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Talking about your sexuality during cancer by Oncovia

Sexuality and Cancer

Cancer treatments can have consequences on your sexuality and its functions. For many people sexuality is a personal subject that is hard to talk about openly, therefore this may not be a primary focus.


Sexuality is part of our everyday life; it represents more than just the act of sex or reproduction. Sexuality includes our need for closeness, intimacy, caring and pleasure, as well as our sex drive, sexual identity and preferences.

Sexuality and cancer

Many cancer treatments will affect fertility and sexuality. They can also affect your partner and your relationships. Fatigue, dryness of the skin and mucous membranes, loss of desire, these are just some of the factors that will influence and reduce your sexual drive. It is important to keep in mind that pleasure and satisfaction are possible, even if some aspects of your sexuality have changed.

How to boost your self esteem?

First of all, remind yourself about your good qualities. Even though some women will not wear anything on their head when they experience hair loss, many of them will feel more comfortable wearing a wig, hat or a head scarf. You may also wear a breast form (prosthesis) if you have had a breast removed. You can find elegant bras and sexy nighties that will allow you to wear your breast forms at night.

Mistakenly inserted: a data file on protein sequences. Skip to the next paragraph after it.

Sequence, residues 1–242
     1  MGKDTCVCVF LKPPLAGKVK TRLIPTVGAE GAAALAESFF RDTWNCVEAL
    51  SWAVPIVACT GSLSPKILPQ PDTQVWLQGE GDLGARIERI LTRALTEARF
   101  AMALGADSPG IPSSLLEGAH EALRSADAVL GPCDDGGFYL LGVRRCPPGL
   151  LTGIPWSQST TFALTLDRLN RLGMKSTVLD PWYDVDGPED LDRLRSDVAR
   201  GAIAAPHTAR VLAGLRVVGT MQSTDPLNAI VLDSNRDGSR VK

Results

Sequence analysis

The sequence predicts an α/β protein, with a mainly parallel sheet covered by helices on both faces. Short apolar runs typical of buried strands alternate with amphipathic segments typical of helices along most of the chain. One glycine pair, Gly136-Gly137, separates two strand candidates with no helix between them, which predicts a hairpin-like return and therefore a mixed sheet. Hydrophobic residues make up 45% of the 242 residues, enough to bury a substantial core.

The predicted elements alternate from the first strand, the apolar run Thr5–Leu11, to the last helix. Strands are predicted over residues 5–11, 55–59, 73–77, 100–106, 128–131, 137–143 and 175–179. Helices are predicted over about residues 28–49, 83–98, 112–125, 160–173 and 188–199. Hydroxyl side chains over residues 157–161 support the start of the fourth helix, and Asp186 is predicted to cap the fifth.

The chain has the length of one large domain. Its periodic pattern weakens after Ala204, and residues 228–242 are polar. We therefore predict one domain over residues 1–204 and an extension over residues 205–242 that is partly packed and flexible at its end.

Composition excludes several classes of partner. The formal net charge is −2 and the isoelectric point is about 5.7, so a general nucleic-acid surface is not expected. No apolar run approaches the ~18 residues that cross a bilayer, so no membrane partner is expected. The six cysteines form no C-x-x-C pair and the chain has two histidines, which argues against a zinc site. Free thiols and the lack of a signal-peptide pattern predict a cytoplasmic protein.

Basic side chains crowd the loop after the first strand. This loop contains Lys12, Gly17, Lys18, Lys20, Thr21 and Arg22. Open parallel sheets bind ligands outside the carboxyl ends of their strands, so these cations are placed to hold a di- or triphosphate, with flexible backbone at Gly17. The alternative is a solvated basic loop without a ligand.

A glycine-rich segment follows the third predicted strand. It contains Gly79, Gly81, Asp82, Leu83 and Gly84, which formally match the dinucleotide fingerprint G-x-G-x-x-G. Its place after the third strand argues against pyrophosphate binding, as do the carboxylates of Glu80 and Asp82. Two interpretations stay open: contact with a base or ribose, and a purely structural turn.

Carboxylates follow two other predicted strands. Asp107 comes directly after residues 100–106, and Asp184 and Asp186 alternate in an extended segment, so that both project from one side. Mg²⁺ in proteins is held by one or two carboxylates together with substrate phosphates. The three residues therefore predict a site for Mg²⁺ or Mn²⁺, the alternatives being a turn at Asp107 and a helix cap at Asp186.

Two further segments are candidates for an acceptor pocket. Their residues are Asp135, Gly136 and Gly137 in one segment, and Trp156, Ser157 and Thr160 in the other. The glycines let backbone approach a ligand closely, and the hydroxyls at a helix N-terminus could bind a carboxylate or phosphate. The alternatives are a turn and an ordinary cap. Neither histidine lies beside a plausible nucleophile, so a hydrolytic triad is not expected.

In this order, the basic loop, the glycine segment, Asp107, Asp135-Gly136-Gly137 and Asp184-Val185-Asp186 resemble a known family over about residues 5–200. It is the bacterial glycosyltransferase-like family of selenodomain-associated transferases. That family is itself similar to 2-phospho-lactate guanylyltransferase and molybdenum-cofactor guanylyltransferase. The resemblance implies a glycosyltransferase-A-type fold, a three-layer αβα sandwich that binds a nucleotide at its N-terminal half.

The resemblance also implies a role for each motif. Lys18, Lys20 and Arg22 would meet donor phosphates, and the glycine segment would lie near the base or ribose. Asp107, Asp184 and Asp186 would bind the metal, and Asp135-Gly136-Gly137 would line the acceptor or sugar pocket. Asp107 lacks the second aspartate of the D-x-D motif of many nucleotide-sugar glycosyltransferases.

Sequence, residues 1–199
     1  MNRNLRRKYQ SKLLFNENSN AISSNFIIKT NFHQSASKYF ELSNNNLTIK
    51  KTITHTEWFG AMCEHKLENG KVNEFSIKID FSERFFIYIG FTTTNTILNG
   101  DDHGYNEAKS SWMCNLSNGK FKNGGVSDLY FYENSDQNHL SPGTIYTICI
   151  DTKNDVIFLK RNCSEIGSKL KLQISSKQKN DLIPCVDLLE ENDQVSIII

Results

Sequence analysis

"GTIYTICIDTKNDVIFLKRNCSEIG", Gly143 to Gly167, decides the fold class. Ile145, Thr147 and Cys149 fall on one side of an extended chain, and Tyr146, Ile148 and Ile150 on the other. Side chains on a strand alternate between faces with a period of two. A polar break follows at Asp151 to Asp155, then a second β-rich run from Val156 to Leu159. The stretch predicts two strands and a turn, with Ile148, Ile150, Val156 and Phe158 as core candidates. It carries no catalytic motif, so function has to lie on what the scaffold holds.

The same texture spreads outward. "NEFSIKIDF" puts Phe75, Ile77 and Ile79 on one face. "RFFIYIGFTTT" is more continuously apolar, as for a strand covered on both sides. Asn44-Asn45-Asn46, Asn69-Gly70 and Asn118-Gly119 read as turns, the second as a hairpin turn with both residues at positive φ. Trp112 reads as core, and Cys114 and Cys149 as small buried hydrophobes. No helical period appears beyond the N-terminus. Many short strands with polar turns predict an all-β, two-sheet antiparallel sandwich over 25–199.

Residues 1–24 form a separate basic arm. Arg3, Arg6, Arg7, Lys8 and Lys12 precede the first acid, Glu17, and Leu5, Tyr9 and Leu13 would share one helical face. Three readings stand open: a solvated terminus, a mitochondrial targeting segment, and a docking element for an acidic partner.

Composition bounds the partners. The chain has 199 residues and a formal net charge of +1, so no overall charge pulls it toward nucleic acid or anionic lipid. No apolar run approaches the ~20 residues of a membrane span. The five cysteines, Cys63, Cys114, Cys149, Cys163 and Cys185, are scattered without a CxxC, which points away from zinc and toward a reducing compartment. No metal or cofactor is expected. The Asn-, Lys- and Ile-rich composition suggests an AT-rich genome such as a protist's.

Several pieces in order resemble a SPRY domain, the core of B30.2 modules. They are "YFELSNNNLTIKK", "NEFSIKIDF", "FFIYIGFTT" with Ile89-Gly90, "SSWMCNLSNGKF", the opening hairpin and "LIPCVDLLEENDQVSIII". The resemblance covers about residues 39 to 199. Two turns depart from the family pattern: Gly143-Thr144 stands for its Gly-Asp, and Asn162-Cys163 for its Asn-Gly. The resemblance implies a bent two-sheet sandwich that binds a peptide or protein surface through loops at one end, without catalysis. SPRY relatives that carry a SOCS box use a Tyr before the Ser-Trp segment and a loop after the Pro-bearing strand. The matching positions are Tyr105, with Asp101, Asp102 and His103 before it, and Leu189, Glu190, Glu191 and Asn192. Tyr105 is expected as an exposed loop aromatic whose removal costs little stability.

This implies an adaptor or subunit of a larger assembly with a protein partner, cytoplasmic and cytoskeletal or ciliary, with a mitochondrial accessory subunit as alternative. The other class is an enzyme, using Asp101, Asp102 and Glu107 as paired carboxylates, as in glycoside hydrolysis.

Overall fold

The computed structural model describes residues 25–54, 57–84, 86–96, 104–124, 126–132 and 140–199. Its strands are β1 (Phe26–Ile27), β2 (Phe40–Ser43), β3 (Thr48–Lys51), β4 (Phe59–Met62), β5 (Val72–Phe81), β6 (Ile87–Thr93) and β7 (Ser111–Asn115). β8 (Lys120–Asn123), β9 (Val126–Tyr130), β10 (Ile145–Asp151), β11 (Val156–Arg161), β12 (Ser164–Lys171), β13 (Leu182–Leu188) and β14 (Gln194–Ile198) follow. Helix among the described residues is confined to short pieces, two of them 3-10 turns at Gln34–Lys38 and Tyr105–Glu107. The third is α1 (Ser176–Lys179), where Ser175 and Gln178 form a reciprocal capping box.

For those experiencing vaginal dryness we recommend the use of a natural lubricant.

Who to turn to?

Sexual concerns may be difficult to bring up as you may feel uncomfortable and you sense that those surrounding you feel uncomfortable too. If you are in a relationship communication is the key, as this will allow you and your partner to find a new balance. You can develop new strategies with your partner to manage sexuality and intimacy. For example, you can plan “dates” and make an effort to treat each other like people on a date.

Some couples will never feel that the disease deteriorates their relationships. For others this may turn out to be more difficult, in this case, talking to a professional is necessary. If your health professional does not bring up the subject, it is perfectly okay for you to ask questions. You can ask more precise questions to your gynecologist, sexologist or a psychologist. They will help you find the causes and treat them, while taking into account your intimate life before the illness.


Cancer will affect your fertility depending on the type of treatment you get and the gravity of the cancer. It is crucial to get closer to your doctor as soon as possible to find out if there are any possible ways to protect your fertility before and during the treatment. After the treatment the options are limited.

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